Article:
we say it." Hmmm, catchy. We never went back there
to fish or stay in the little cabins. Today the lake
is renowned for its large-mouth bass fishing. Big
national tournaments are held there, and it is now
know simply as, Lake Toho.
There were many of those Sunday "let's go get lost"
trips. Many led to future fishing trips that Dad
and I would spend hours catching bluegill, speckled
perch and catfish.
Florida was a simpler place then. People waved
from their front porches as few cars passed on
the "hard road." Neighbors were real neighbors.
There were no huge, plastic ducks and mice with
first names that lived here back then. There
were only a few shops that sold Florida souvenirs
and there was free, ice-cold orange juice inside.
Not any more. There are hardly any groves; new
homes have replaced them, and the new residents
lay claim to the shores from where I used to fish.
Now, when I return to Auburndale to visit my
roots, I always make that trip on a Sunday
afternoon. I drag Linda with me to point out
where I used to discover things. The old lakes
are still there, they just wear way too much
makeup. But, if you stop in some of those old
towns, that somehow have gone untouched, and
shoot the breeze with the old men that sit in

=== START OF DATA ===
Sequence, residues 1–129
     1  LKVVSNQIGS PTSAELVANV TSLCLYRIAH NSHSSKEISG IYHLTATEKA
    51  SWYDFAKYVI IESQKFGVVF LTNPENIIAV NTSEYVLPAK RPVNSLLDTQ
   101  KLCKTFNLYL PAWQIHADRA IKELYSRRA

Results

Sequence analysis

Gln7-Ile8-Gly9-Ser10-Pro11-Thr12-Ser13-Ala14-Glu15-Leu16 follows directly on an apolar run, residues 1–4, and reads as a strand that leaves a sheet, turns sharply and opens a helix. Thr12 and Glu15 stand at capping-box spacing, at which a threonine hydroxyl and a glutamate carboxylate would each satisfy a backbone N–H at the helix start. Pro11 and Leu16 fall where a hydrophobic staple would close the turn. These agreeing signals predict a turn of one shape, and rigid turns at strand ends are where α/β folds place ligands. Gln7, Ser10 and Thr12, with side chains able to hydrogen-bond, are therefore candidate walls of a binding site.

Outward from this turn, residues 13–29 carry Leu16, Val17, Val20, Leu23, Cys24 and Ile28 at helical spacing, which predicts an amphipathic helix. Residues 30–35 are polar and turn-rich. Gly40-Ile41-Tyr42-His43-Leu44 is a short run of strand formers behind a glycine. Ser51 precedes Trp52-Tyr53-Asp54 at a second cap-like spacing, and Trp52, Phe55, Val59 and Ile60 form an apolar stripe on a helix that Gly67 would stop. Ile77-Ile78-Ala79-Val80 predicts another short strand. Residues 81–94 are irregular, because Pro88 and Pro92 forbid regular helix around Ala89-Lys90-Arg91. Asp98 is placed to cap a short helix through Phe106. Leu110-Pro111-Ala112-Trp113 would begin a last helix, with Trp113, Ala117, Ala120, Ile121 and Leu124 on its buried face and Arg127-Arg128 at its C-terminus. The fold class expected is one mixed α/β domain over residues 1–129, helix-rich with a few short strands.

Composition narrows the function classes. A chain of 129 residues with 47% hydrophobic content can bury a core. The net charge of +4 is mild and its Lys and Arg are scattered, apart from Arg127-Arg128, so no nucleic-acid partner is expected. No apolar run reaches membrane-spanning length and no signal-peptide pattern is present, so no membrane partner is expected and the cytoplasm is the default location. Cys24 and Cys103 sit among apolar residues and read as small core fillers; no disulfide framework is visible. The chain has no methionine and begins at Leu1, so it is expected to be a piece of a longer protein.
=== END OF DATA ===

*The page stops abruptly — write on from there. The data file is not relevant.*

front of the barbershops, they
remember those places. Their eyes light up
when they talk about that old Florida.
There are many stories to be remembered from
around the cypress knees that grow at the shore
where I would sit and catch bream. The same
cypress knees the Seminoles would cut off and
create lamps, and sell them in their 'gator
wrestlin' shops...to Yankees.
See y'all next week. ~ Capt. Gary
Gary grew up in central Florida and spent much
of his youth fishing the lakes that dot the area.
After moving a little closer to the coast, his
interests changed from fresh to salt. Gary still
visits his "roots" in the "lake behind the house."
He obtained his captain's license in the early '90's
and fished the blue waters of the Atlantic for a little
over twelve years. His interests in the beautiful shallow
water flats in and around the famous Mosquito Lagoon came
around twenty-five years ago. Even though Captain Gary
doesn't professionally guide anymore, his respect of the
waters will ever be present.
Gary began fly fishing and tying mostly saltwater
patterns in the early '90's and has participated as
a demo fly tier for the Federation of Fly Fishers
on numerous occasions. He is a private fly casting
and tying instructor and stained glass artist,
creating mostly saltwater game fish in glass.